All these actors are, in some sense, playing actors—larger-than-life characters engaged in a kind of heroic performance. It’s not inconceivable that, come Oscar time, we could see Mel Gibson’s Jesus Christ squaring off against Hitler, Shylock, Che and Ray. For Hollywood, history is the ultimate vanity mirror. But there’s a whole other realm of international cinema that works more like a window, offering clear and compelling views of the world around us. Running through the festival program—328 films from 61 countries—is a vivid streak of political substance. “A lot of the films that we’ve selected,” says festival director and CEO Piers Handling, “deal with serious contemporary issues—post-9/11, terrorism, Iraq, Israel. It’s not entertainment for entertainment’s sake.”
Noah Cowan, TIFF’s new co-director and heir apparent to Handling, has already had to fend off a protest over Casuistry: The Art
of Killing a Cat, a Montreal documentary about a video artist who killed, cooked and ate a pet to make a point about eating meat. The protesters hadn’t seen the film, which doesn’t show actual video footage of the feline atrocity, but they issued a death threat and numerous letters of outrage, and called for a festival boycott. Cowan found it curious that this title would get singled out in a lineup that also includes the most charismatic portrayal of Hitler ever brought to the screen (Downfall) and two portraits of Rwandan genocide—Hotel Rwanda and Shake Hands with the Devil: The Journey of Roméo Dallaire. The Dallaire documentary, directed by Canada’s Peter Raymont, tells a story that’s hard to watch, but even harder to turn away from—because that’s exactly what the world did when it was taking place.
Africa has the lion’s share of serious substance. The festival’s spotlight country this year is South Africa, and it has produced some fine work. In Darrell Roodt’s Yesterday, a stoical young mother in a Zulu village treks two hours to a clinic to discover she has AIDS. Set against a stark landscape of aching beauty, this tragic tale distills a continent’s unseen catastrophe into one woman’s calm, ennobling struggle. Directed by a white man, Yesterday is the first major film in the Zulu language, and in a post-apartheid South Africa, it arrives as a sobering inspiration.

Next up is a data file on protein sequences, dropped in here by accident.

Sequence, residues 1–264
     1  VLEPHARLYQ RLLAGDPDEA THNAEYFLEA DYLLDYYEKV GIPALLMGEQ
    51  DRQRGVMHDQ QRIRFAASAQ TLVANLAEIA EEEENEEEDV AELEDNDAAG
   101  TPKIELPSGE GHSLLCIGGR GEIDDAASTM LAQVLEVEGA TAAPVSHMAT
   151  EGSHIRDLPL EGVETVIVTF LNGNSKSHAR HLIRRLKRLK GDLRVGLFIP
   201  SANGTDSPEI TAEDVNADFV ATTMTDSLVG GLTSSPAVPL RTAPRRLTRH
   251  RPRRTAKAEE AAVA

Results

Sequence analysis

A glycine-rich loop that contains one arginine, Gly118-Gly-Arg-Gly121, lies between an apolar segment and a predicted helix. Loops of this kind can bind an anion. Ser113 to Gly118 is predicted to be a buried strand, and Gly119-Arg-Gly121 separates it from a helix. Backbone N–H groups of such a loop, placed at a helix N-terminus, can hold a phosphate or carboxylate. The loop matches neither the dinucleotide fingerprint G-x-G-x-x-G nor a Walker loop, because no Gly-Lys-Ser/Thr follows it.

Another two South African films, Red Dust and Forgiveness, examine the bitter fallout of apartheid, with characters torn between vengeance and reconciliation. Both are about former police officers seeking penance. In Forgiveness, an ex-cop visits a fishing village to seek redemption from the family of a man he murdered—and among its members, every shade of outrage and empathy is represented. What’s remarkable about the South African movies is how they find such pure emotional truth in issues with no easy answers. The same can be said for the Cannes hit Moolaadé, a masterpiece from 82year-old Senegalese veteran Ousmane Sembene—the drama of a village standoff that escalates when a mother moves to protect her daughter from female circumcision.
The Sea Within is another quiet tour de force that transcends a controversial issue. Directed by Spain’s Alejandro Amenábar (Open Your Eyes, The Others), this oddly lifeaffirming drama gently champions the right to euthanasia. As a quadriplegic with a death wish, Javier Bardem gives a performance so
ripe with wit and charm that you find yourself rooting for his right to die while desperately wanting him to live.
No festival would be complete without films that push the erotic envelope. With 9 Songs, British director Michael Winterbottom (Jude, Welcome to Sarajevo) offers a love story with scenes of unsimulated sex. France’s Catherine Breillat, the feminist fatale behind Romance and Fat Girl, continues her hard-core mission with Anatomy of Hell, in
cream of other festivals with its own premieres, Toronto is the world’s most vital film showcase
which a woman pays a misogynist to watch as she performs acts that involve lipstick, a tampon and a garden rake—although the most disturbing scene involves a mean little boy who stomps a baby bird to death after feeding it a worm.